In Which I Remember How Challenging Hiking Can Be

The train from Hanoi to SaPa wasn’t a European train by any means. It was a noisy and staggering primordial creature of iron, steel, and simulated wood grain, and it heaved in exaggerated movements from side to side on the 8 hour overnight ride.

It bleated like a strangled donkey, and occasional loud thumps woke me frequently through the night, so that by 530 AM, when we arrived at Lao Cai I really hadn’t slept much.

Lao Cai sits 2km from the Chinese border and people come here simply because this is where the train station is. But my impression is that nobody is really coming here – mostly, like me, the goal is SaPa, which is known for its hiking and many bucolic views of rice terraces.

I was met by my guide, P, and climbed into the van that took us about an hour away to SaPa town. There I was escorted to a nearby hotel for breakfast, after which I packed a few things that I would need for the next 36 hours into a small backpack. I didn’t bring the larger daypack that I had taken on the Inca Trail, because I just didn’t think I would need that much space, but as I hauled my small overladen pack onto my shoulders I regretted not having the bigger daypack – if nothing else it sits much better on my back.

While we waited to depart, I had a few moments to walk down the street. There were a few vendors of trekking equipment as well as a few restaurants. This is a place that seems to cater to tourists here for hiking.

Far beyond the edges of this overcrowded small city, a halo of mountains stands waiting.

When P was ready we hit the trail, and as we went along she told me about herself and her people, the Black Hmong. The SaPa region has numerous small villages with numerous ethnic minorities. Today we expect that we will also encounter the Red Dao and Tay groups.

I haven’t hiked anywhere since the last days at Machu Picchu, and have forgotten how tough it can be. The altitude here isn’t bad, but the track is mostly unpaved, and is often comprised of packed muddy clay. Inclines can be treacherously slippery.

P walks ahead talking continuously, holding her parasol in one hand, while I struggle to merely remain standing. She is a tiny person – probably standing 4.5 feet tall at most, and her feet are exceptionally miniscule. I can’t help but notice this because she finds places to step that my mammoth feet simply won’t fit into.

Our course takes us among rice terraces smeared with arrogant brush strokes of green and gold and brown, arranged in garrulous nebulae that remind me of blobs floating within lava lamps.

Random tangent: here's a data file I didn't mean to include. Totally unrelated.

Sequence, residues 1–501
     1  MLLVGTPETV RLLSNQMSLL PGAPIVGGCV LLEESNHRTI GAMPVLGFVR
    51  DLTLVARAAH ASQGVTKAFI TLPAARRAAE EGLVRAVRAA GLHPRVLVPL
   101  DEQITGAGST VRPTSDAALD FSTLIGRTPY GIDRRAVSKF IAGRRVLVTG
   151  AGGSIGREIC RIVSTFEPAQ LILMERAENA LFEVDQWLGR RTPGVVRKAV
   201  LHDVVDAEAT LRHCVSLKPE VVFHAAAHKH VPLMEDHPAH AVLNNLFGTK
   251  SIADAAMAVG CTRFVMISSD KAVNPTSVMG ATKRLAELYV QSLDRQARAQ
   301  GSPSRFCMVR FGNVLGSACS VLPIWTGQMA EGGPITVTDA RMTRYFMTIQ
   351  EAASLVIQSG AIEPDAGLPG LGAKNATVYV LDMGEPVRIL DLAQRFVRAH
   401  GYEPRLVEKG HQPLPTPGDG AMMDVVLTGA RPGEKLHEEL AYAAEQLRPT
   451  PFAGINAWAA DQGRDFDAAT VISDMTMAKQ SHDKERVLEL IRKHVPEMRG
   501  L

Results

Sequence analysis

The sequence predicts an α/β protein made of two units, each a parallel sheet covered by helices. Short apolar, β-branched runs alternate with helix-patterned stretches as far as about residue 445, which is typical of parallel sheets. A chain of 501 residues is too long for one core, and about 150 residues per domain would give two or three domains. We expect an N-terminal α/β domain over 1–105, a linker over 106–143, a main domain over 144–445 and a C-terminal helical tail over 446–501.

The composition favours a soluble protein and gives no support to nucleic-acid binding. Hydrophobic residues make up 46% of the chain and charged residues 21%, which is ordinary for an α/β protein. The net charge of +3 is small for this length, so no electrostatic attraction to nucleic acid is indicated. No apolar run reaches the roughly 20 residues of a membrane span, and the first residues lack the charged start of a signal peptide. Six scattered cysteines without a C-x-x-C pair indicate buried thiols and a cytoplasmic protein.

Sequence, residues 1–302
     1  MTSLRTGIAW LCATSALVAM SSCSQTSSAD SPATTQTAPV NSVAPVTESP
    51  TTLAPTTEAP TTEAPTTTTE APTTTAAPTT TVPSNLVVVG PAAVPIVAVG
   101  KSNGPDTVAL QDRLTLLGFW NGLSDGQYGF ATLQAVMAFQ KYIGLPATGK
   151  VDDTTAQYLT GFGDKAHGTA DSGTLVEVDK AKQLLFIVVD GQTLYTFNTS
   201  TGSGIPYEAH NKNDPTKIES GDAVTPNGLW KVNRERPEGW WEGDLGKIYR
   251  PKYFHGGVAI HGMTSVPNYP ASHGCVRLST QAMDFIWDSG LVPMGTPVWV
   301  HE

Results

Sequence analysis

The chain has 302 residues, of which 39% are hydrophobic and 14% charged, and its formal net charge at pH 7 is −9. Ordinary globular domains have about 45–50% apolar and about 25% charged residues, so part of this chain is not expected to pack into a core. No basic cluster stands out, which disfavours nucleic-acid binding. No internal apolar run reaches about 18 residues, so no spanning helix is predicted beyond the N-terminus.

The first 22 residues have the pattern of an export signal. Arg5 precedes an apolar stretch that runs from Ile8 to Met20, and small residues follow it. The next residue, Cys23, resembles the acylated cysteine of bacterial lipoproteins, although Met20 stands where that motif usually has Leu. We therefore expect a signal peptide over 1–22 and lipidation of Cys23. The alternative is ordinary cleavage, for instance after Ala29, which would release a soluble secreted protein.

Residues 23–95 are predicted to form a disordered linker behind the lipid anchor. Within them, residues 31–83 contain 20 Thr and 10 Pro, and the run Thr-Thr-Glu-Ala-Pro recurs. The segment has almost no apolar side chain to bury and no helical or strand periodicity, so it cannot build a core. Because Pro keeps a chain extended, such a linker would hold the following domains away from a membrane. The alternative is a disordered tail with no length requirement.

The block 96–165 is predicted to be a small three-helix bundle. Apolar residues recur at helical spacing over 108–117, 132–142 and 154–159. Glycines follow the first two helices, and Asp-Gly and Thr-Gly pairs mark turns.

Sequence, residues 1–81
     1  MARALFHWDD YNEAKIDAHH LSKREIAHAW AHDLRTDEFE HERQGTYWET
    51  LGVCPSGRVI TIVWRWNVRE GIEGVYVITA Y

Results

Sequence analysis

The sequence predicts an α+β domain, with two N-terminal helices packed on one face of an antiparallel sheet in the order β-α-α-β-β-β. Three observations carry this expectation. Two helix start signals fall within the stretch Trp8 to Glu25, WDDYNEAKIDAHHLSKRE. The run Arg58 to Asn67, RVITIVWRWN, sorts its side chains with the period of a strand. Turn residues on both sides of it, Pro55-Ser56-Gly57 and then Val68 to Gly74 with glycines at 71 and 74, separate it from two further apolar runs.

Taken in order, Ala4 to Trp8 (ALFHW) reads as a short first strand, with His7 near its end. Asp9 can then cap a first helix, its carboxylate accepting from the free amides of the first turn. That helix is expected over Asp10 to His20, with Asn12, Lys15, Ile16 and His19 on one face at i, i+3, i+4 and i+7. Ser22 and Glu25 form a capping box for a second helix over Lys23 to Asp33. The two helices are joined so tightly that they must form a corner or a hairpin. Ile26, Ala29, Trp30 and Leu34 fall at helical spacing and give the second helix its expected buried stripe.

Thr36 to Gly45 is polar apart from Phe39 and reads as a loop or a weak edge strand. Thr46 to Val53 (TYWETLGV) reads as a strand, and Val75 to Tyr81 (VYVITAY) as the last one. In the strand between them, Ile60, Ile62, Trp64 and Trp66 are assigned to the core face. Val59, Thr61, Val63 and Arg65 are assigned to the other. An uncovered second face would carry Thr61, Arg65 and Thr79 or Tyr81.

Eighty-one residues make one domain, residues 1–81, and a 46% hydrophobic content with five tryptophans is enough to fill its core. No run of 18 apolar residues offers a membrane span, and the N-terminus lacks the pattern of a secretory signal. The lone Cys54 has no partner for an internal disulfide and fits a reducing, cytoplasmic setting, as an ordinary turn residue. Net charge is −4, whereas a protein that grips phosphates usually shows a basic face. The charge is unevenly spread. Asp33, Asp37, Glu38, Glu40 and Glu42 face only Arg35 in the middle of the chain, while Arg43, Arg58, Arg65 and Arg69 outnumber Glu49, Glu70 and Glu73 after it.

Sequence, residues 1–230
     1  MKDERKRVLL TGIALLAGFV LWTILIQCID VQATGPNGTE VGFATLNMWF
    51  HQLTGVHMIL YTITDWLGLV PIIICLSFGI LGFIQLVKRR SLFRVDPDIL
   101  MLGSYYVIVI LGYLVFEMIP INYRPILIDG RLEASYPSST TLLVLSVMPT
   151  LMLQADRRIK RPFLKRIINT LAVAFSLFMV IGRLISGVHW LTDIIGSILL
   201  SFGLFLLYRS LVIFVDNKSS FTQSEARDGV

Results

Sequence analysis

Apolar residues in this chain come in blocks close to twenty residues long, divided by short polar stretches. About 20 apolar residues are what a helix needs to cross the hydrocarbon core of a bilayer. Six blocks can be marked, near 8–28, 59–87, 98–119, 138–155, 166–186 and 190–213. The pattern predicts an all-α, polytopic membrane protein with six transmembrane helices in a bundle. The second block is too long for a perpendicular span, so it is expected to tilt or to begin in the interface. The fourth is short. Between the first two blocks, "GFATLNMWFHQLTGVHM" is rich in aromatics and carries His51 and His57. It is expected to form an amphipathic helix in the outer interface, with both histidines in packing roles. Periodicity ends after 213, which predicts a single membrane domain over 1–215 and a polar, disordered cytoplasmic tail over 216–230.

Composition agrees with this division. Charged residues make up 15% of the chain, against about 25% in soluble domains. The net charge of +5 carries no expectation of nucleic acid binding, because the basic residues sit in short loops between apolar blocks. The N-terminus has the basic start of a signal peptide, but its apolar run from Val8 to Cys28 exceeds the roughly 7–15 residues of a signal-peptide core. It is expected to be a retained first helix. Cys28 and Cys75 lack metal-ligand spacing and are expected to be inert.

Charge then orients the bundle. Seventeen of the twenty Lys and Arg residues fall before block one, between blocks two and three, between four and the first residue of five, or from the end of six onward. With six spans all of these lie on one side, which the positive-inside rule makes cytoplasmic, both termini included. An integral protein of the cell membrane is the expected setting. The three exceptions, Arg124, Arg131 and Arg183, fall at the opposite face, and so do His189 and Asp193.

It is harvest time here, and many of the fields have already been harvested, but others still bear their golden crowns. An occasional farmer labors in the field cutting and gathering the rice.

As we hike we enter the first “village,” which isn’t really identifiable as such because the houses are so diffusely spaced. And slowly we begin to see other hikers. I worry that I am hiking slowly, but it seems that others are taking short cuts.

We pause periodically to take in the view. This is beautiful countryside, although not quite as striking to my eye as the Andes.

In the second village we stop with the rest of the hikers and eat our lunch. Our path out of town takes us past grazing water buffalo, and then we leave the main road and follow the edge of the terraces.

Around us the country has grown hazy with the smoke from the burning of rice plants after harvesting the grains. The ash will be used as fertilizer next year. P also mentions that in the past it has been used to make shampoo, but her children only want store bought shampoo now.

The afternoon walk is brief – an hour and a half at most, and it is an easy one, as we generally are sticking to the roads to take us to the next village.

In the village, women are preparing bamboo.

And along our path we see motorbikes laden with rice fresh from the harvest.

And rice laid out to dry in the sun. It amazes me a bit that birds don’t eat it.

And at the end of the trek we find at last my home for the night, a functional room in which to spend the evening. This is SaPa, and this is my “homestay,” which is what one does in these small villages where hotels don’t exist. So after a dinner with the family, I retired to my room for some blogging and an early nights sleep.

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